Coronavirus Affects Global Economy
In the year of the US presidential elections, the Coronavirus outbreak has been the major news so far this year. What started in China has grown to become a global pandemic. The economic effects of Coronavirus have led to the financial authorities taking measures to stop a global financial crisis.
As more cases are reported globally and the mortality rate increasing recently, it is interesting to see how the virus affects different economies and what the governments are doing to protect their financial markets.
Here, we will look at the different actions taken by major central banks across the world as they aim to combat the economic effects of the virus. We will also discuss the latest economic forecasts regarding Coronavirus’s potential economic impact.
Economic Effects Of Coronavirus So Far
The Coronavirus outbreak has hit the United States stock market in recent weeks. On February 27, the market experienced its biggest one-day fall since the 2008 financial crisis. The Dow Jones industrial average slumped by 1,190 points. However, the market has seen an uptick recently. This is despite the number of cases in the US surpassing the 100 mark, with three confirmed deaths.
China accounts for a third of manufacturing globally, and it is currently the largest exporter in the world. Activities have slowed down since the outbreak of the virus during the Chinese New Year. According to NASA, pollution-monitoring satellites had detected a significant drop in nitrogen dioxide in China, indicating that most factories remain closed.
This has affected other larger global companies such as Apple, Diageo, JCB, Nissan, Tesla, and others, who depend on China to manufacture most of their components.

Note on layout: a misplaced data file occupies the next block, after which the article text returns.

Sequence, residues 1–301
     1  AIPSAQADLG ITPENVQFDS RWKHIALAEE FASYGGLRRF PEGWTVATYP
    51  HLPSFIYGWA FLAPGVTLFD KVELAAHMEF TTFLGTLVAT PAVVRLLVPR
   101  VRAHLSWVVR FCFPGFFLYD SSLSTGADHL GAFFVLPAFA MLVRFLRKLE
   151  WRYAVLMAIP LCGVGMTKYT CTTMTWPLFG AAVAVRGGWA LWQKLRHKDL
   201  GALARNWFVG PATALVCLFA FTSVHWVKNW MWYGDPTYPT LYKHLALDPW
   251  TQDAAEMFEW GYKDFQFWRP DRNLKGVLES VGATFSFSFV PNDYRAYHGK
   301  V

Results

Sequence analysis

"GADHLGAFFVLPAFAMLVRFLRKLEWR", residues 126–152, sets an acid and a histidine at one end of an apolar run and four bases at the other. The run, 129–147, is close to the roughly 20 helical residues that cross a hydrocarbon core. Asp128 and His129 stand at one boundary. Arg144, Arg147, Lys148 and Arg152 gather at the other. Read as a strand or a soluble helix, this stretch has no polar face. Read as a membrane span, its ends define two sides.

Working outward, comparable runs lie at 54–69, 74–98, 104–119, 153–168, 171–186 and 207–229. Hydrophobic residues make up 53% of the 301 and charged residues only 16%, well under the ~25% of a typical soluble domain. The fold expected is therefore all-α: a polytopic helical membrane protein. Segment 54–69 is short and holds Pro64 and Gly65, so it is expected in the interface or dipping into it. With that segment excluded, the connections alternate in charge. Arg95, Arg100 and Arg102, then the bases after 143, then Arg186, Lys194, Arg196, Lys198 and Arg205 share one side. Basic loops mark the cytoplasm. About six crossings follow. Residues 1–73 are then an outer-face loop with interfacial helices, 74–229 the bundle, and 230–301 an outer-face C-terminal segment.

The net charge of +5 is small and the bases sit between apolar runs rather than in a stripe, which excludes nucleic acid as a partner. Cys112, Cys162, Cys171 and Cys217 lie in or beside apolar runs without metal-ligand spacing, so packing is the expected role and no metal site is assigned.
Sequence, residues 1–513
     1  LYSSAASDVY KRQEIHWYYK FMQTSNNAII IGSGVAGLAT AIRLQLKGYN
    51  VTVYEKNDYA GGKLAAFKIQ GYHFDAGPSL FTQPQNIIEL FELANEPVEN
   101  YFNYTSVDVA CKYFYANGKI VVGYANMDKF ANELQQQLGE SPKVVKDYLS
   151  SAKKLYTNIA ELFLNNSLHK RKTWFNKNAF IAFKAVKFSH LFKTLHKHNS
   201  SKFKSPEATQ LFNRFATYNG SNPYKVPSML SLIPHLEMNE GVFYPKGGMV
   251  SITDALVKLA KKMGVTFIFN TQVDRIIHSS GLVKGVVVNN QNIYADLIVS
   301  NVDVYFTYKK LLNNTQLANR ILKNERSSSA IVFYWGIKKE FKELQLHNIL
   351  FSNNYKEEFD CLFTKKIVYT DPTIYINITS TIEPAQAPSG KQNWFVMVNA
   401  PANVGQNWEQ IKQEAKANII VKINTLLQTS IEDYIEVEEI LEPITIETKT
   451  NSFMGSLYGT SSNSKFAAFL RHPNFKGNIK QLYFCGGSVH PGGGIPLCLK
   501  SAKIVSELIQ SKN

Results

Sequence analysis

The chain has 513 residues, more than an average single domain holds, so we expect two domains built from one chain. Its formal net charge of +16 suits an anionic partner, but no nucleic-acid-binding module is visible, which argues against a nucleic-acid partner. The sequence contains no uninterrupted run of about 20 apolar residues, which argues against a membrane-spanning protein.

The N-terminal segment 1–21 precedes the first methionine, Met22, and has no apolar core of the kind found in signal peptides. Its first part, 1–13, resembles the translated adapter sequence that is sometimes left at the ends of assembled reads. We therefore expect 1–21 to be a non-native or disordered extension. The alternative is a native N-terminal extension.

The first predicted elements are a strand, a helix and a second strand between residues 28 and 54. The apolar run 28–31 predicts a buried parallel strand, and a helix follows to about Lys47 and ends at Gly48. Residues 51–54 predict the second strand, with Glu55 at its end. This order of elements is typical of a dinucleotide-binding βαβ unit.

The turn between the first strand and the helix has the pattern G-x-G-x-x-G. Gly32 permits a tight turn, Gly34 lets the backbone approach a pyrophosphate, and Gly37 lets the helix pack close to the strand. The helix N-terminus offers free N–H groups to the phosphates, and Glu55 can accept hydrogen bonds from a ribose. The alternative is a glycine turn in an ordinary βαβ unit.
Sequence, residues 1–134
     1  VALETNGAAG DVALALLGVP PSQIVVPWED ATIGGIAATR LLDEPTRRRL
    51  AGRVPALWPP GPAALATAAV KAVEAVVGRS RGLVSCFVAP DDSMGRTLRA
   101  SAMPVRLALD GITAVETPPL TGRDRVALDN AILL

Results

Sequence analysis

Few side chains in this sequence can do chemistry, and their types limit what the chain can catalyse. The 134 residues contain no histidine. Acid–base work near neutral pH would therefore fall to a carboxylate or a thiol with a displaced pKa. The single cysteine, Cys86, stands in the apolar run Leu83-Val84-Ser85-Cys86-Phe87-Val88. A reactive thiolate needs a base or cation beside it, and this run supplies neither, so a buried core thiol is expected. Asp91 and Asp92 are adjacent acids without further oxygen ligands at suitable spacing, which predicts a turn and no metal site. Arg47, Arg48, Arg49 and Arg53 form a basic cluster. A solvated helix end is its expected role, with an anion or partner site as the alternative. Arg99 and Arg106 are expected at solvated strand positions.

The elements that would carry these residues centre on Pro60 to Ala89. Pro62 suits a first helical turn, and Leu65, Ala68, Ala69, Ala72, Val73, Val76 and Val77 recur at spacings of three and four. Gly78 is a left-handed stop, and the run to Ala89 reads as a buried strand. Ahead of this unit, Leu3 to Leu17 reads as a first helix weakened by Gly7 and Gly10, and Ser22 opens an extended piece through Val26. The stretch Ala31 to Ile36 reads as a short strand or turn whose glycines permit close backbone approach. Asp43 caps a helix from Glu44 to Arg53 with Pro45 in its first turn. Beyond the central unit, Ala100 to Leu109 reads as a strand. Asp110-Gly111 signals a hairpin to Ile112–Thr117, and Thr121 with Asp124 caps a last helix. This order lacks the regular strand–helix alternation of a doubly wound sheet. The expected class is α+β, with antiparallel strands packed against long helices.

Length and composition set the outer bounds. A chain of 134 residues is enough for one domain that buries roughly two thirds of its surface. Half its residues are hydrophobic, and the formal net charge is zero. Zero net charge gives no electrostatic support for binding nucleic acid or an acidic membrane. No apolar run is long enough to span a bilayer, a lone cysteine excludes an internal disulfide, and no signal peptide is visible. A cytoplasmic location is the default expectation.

Europe is another region that is increasingly affected by the virus. Italy, France, and other major countries in the EU have been affected so far. This saw the FTSE 100 record losses late last month. This is worst it has seen since the Eurozone debt crisis in 2011.
So far, in 2020, the Dow Jones is down by 7.5%, Shanghai lost 2.9%, Nikkei is also down by 9.1%, while the FTSE 100 has lost 11% of its value.
More countries like South Korea, Japan, and others are taking steps to curb the spread of the disease. Some critical steps include shutting down schools, banning travel, and postponing major sporting events.
Estimated Economic Impacts Of Coronavirus
China is set to be massively affected by the virus outbreak this year. According to economists polled by Reuters, China’s growth rate could drop to 4.5% in the first quarter of the year, down from the 6% it recorded in the previous quarter. This would be the slowest GDP growth for the country since the financial crisis of 2008.
Standard Chartered added that the virus could affect roughly 42% of the economic activities in China. Chinese airlines are currently grounding planes and could lose about $12.8 billion this year. The global airline sector has suffered significant setbacks so far this year. It is expected to lose $29 billion this year.